Monday, June 3

GMO

Distributing genetically modified wheat seed to Afghan villages divides US aid workers in Fear of Beauty. One character wants to push large-scale projects while others support moving slowly with small, manageable, sustainable projects to build trust.

Of course, full understanding about biotech crops - the science, the economics and the law - is not high in the United States let alone developing countries like Afghanistan.

"U.S. lawmakers are pushing measures to require labeling of products made from genetically modified crops, citing health and environmental concerns, a proposal opposed by farm groups and sellers such as the Grocery Manufacturers Association, a Washington-based trade group," reports Jack Kaskey for Bloomberg.com.  

Why oppose disclosure labeling unless there is something to hide? Consumers do have a right to know what they are ingesting.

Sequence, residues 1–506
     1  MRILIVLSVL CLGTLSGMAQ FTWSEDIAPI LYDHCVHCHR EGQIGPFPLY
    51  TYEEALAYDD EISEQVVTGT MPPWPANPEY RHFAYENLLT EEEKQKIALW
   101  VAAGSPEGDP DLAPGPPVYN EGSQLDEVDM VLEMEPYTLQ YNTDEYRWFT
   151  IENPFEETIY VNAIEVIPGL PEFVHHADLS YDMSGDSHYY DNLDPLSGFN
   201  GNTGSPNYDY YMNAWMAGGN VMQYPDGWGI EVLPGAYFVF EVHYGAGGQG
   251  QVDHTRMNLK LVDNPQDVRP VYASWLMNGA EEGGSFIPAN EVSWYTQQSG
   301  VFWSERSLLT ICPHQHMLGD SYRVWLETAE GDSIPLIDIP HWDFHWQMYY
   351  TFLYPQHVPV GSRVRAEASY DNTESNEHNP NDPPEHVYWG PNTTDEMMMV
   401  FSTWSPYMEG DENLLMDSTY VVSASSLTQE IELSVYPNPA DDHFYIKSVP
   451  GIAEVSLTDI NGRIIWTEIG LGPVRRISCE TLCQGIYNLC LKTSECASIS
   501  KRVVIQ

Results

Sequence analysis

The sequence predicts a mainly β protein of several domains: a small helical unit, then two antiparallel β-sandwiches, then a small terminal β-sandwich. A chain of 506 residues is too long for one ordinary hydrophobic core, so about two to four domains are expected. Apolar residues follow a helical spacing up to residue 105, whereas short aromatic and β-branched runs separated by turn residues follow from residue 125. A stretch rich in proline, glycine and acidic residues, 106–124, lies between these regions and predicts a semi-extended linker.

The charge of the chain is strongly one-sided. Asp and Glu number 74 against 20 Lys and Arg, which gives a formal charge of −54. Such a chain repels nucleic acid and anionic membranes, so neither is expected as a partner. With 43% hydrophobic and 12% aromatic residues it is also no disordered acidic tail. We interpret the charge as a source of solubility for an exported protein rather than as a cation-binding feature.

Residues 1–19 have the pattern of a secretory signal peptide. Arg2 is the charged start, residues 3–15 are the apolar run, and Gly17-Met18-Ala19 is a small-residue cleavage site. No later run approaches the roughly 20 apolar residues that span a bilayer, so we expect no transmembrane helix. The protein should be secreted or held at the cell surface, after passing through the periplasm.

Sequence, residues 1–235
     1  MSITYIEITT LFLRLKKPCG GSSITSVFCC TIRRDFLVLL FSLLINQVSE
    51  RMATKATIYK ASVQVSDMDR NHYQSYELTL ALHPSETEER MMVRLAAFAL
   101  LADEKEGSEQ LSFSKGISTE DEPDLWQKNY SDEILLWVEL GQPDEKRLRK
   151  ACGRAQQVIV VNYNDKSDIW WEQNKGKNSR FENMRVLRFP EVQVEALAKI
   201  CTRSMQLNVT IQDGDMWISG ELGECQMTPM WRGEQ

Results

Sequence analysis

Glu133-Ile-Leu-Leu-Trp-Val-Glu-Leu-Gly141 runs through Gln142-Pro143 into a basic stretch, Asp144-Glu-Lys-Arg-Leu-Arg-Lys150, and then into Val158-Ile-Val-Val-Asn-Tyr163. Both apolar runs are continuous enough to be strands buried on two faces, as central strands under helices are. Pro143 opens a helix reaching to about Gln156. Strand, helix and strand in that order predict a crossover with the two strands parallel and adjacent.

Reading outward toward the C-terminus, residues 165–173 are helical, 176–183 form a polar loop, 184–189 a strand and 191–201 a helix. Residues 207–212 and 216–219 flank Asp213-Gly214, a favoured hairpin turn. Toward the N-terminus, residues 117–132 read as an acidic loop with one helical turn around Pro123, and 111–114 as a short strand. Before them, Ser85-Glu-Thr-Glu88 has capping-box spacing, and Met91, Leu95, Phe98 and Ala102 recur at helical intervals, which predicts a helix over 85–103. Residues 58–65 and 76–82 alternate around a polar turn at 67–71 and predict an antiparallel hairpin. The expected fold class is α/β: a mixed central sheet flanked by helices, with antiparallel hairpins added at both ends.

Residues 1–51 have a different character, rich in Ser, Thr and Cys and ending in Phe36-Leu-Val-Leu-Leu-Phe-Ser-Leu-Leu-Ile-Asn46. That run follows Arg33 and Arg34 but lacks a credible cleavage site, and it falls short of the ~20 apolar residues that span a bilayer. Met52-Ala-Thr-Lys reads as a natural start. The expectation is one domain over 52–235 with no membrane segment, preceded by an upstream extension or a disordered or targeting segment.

More attention is directed to GMO crops after a stray wheat plant, left over from Monsanto research nearly a decade a go, was found in an Oregon field. Japan and South Korea suspended orders of US wheat until the shipments can be inspected. Property owners should inquire about possible consequences to pesticide-resistant crops - and neighboring property owners should not have to endure unwanted intrusions of pollen from GMO plants.

The reports give a whole new meaning to patrolling wheat fields.

Photo of US and Afghan soldiers patrolling a wheat field, searching for IEDs in Ghazni Province, courtesy of Sgt. Michael J. MacLeod, US Army and Wikimedia Commons.

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